Consolations, then, proved to be a simple and introductory means of learning about philosophical thought, and how it translates to the everyday life. De Botton mixes in a dash of self-helpiness as I think of it with his dollops of philosophy, and the result at least to me was a thought-provoking read and a good refresher on philosophy, its origins and it’s repercussions.

 

Those are my books to read in 2018, let me know your thoughts, or if you have any standout books that you have read recently that you love. Cheers!

Standard
2017, America, Gay, Gayblog, Marriage Equality, Opinion, Sydney, Thoughts, Uncategorized

Giving Thanks

Wednesday last week was the hardest day of my life.

It was a day filled to the brim with emotion. It left me completely exhausted, and it’s taken me this long to bounce back. I’ve had to pull myself back together again, as though different disparate parts of me detached only to have to be searched out and popped back into place, and it’s only now that I’m feeling myself again to write this post.

Wednesday 15th November 2017 was the day that we moved from Sydney, our lifelong home, to our new home here in San Francisco, which still I’m in a bit of shock about. It was a warm and sunny day. I almost wanted it to be overcast and unpleasant, but Sydney being the smartarse it is, really turned it on for our last day. It’s still so strange to think that not much more than a week ago I was walking down King St in Newtown, or going downstairs to the cafe that was under our apartment block. And now I walk down different streets. With different people. Different cars. A different sky above me.

But things change, and I’m finding that it is best to move along with them and to let the waves take you.

Our departure day was no surprise; we knew it was to come for months, and I had been preparing both mentally and logistically for it, in almost a feverish manner. Yet as the day crept closer I found myself become more and more nervous. Anxiety played up and I couldn’t sleep due to the unyielding internal monologue of tasks still to be done and thinking on those I would miss.

Not only were we to be leaving friends, family and loved ones, all people whom we have spent years getting to know and connecting with, and whom we love to bits, but it was the day the Same Sex Marriage plebiscite result was announced. Of course, we didn’t choose for our day of departure to coincide with this. However, everything had been prepared months ago and it was far too late to change dates.

As we stood in Prince Alfred Park surrounded by friends new and old, as well as my sister who also is part of the community, I really was overcome and fraught with frayed emotion.

I felt so much of everything. Excitement that we were not only to finally find out the result, but hope and fervent optimism for the future. I wanted our home to join the 21st century; I wanted dearly and desperately for our country to go back to its former happy, life loving self. It feels as though the last couple years our home has become more of a dark and judgemental place. Those who would have us not be equal seemed on the verge of ascension. Their morals, ethics and hypocrisy has appeared to be the status quo today, as opposed to relegated to the shadows.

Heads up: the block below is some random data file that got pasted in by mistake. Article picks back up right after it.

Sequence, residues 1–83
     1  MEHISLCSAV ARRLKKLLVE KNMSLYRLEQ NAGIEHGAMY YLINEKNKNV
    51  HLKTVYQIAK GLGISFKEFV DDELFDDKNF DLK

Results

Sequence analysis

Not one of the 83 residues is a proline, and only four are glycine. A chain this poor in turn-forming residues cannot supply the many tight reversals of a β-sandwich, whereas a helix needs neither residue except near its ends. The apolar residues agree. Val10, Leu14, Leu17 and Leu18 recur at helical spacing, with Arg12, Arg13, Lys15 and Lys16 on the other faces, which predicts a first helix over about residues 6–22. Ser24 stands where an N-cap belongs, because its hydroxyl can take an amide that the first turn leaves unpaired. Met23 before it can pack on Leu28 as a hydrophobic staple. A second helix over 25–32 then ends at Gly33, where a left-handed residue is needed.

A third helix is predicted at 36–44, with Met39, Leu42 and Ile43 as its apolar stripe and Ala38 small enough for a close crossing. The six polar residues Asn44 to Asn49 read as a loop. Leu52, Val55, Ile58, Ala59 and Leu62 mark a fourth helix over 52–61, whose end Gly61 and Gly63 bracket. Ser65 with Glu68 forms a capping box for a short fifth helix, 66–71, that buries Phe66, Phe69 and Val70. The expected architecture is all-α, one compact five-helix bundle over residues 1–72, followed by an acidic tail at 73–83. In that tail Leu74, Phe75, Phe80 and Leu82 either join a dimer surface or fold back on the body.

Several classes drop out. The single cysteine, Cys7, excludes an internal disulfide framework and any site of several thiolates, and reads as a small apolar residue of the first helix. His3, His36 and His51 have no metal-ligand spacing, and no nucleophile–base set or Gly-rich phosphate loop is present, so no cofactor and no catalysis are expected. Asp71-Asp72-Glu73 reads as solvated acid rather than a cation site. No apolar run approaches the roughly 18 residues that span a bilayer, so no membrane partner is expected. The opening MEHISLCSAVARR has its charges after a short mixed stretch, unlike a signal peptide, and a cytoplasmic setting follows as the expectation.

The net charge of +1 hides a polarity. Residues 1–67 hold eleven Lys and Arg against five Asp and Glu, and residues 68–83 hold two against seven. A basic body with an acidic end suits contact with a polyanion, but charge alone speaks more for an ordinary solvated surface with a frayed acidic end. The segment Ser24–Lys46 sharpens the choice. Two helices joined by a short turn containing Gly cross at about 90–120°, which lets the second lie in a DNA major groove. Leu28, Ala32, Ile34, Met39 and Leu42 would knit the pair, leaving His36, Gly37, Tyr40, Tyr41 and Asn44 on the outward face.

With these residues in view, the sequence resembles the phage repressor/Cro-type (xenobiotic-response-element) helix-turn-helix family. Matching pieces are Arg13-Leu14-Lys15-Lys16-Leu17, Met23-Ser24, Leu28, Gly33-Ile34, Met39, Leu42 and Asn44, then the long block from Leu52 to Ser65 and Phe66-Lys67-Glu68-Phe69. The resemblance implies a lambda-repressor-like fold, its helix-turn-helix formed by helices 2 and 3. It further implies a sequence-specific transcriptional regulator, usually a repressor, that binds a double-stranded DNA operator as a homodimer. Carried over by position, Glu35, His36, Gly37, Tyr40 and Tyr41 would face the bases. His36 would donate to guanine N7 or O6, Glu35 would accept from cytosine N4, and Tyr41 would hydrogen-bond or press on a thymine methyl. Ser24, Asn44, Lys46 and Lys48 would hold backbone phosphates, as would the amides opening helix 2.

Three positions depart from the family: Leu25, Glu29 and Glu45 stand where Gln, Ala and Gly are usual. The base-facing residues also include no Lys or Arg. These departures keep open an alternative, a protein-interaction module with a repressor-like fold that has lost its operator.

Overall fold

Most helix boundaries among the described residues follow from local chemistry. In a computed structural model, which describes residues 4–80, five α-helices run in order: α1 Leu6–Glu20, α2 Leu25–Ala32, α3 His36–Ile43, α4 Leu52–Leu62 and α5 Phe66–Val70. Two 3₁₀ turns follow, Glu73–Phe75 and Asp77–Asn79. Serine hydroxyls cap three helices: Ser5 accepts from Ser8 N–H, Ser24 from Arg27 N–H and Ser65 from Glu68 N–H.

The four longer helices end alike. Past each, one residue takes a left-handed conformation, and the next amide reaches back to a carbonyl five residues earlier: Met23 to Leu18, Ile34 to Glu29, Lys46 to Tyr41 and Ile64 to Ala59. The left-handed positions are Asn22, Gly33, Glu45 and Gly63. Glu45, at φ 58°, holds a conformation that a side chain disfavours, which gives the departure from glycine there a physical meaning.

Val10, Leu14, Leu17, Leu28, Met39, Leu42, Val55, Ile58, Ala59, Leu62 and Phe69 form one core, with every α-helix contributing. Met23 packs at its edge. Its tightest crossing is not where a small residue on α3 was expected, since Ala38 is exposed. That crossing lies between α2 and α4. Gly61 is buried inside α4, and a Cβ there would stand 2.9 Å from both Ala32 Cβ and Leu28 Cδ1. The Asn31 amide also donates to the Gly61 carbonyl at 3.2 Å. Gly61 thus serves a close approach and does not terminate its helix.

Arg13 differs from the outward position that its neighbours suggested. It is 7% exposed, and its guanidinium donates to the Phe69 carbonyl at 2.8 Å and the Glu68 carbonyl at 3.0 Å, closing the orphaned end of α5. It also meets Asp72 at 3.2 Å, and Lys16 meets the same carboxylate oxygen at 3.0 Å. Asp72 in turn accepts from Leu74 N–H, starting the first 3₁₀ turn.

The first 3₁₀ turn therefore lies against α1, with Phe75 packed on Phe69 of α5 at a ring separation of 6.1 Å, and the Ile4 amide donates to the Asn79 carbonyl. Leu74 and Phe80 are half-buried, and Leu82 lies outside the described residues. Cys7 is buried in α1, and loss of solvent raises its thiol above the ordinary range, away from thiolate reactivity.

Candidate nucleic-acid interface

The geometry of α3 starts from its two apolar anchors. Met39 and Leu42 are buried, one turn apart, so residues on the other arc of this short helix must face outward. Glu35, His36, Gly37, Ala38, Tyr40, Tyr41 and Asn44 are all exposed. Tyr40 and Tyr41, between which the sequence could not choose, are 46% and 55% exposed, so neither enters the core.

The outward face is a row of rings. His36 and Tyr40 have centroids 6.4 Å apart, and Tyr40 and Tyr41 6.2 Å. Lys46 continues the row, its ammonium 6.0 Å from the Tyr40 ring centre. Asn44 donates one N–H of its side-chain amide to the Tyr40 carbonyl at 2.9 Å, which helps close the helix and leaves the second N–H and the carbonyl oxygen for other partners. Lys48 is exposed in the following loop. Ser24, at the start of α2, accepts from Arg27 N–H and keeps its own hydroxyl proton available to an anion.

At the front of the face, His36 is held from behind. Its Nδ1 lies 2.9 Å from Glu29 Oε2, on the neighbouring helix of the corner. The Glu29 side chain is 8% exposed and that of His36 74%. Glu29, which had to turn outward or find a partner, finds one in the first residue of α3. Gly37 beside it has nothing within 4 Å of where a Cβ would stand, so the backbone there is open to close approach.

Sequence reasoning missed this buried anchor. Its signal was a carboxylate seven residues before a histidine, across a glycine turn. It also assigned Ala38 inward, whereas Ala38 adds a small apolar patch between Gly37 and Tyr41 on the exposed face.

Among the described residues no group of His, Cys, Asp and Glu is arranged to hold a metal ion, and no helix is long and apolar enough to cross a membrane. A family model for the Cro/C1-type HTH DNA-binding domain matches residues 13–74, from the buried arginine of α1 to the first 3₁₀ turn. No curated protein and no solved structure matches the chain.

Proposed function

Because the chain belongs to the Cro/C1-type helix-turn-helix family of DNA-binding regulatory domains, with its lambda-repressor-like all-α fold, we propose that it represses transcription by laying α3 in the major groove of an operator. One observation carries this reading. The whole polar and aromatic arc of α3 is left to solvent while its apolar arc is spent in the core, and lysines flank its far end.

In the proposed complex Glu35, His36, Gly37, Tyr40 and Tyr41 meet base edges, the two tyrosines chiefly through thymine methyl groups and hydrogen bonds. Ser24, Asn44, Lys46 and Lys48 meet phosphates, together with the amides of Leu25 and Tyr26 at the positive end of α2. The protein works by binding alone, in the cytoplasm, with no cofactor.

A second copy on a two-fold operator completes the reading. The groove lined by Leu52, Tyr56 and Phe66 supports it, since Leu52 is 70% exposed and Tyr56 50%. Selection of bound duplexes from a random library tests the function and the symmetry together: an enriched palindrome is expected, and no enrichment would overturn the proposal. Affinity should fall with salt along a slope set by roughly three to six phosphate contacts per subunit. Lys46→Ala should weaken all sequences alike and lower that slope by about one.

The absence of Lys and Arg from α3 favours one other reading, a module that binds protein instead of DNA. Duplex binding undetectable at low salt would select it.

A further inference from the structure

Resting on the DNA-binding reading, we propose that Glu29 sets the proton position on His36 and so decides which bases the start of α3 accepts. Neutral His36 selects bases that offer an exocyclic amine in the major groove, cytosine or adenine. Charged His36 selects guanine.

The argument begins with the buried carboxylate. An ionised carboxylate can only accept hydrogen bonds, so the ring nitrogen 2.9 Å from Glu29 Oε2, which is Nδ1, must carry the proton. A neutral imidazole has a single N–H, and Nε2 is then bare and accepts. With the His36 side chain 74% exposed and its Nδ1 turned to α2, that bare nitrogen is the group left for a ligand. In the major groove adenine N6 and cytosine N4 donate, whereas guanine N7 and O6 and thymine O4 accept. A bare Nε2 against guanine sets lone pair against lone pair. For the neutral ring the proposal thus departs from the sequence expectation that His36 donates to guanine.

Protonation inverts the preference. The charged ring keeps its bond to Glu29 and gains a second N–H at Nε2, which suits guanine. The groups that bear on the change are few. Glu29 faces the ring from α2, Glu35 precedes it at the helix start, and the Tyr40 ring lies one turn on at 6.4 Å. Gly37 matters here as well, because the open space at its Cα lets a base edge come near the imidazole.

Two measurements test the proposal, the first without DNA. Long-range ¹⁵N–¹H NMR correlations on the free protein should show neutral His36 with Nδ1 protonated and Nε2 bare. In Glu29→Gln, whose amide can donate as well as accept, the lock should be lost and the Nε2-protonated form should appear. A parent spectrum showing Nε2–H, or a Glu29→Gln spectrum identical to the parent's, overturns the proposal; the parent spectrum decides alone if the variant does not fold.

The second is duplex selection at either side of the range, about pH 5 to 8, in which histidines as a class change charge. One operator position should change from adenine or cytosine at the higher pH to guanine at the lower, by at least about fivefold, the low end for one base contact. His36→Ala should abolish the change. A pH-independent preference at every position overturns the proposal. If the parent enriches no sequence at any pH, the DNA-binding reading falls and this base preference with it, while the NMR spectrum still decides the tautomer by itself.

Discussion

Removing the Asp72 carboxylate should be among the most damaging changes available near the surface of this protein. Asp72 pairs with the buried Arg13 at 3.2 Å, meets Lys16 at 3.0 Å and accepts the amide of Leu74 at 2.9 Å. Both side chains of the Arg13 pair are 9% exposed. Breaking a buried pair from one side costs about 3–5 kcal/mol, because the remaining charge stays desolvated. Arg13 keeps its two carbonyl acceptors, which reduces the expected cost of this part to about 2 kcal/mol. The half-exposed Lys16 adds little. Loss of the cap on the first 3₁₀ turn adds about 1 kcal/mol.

I felt love. Love from those around me. I don’t think I’ve ever had quite the same feeling before. Being literally surrounded by those whom care about you and whom you care about was quite a singular and spectacular feeling. I felt so much gratefulness that I have got to know such fantastic people, tinged with a bittersweet sadness at us leaving this group of loving, supportive and unique people.

I felt anger. Anger at what our government had put us through, this indignation of a non-binding postal vote; an archaic motion put forward by the diabolical religious right as a stalling tactic. a postal survey costing us $122 million, when conversely that money could help our long-suffering indigenous communities, or to assist women gain equality, or go towards helping out those less fortunate.

I felt nervous despair should the No side win out, and what this would do to our community.

The rise of the unreasonable and irrational Christian and subsequent epoch of moralising judgement seemed upon us. It felt like a dark looming shadow creeping across the grass and trees of the idyllic park we were in.

Yet, as the announcer finally revealed the results, it was clear to all that love won the day after all.

You can’t stop a tide, and 62% of us decided that YES, love should be for all of us, regardless. Full stop.

As I write this in a new city, in a new country, I’m starting to tear up. Sitting here in this strange place, I still feel so connected and so privileged to know and be a part of such an amazing social circle of friends and family. As well as a wider community that really did show it’s best and pulled together during this whole ordeal. I still feel as though I am there in spirit, and no matter what happens, no matter how many cheeky and colourful Queer murals are defaced, we will prevail.

Tomorrow is Thanksgiving. Another artefact and quirk of this place that I am fast coming to consider my new home. Another, [to my foreigner eyes at least], experience to delve into and enjoy.

The whole point of Thanksgiving is exactly that, giving thanks. Giving thanks for what we have, and taking stock of our lives. Despite my complete cynicism for this kind of thing, I see how it can be a good thing. When it comes my turn to say what I’m thankful for, I’ll say that I’m thankful that love won. That we are turning a corner towards a brighter, loving and caring future where we think of others more than we think ourselves. I’ll say that I’m thankful for my family, both by ties of blood and ties of love and friendship.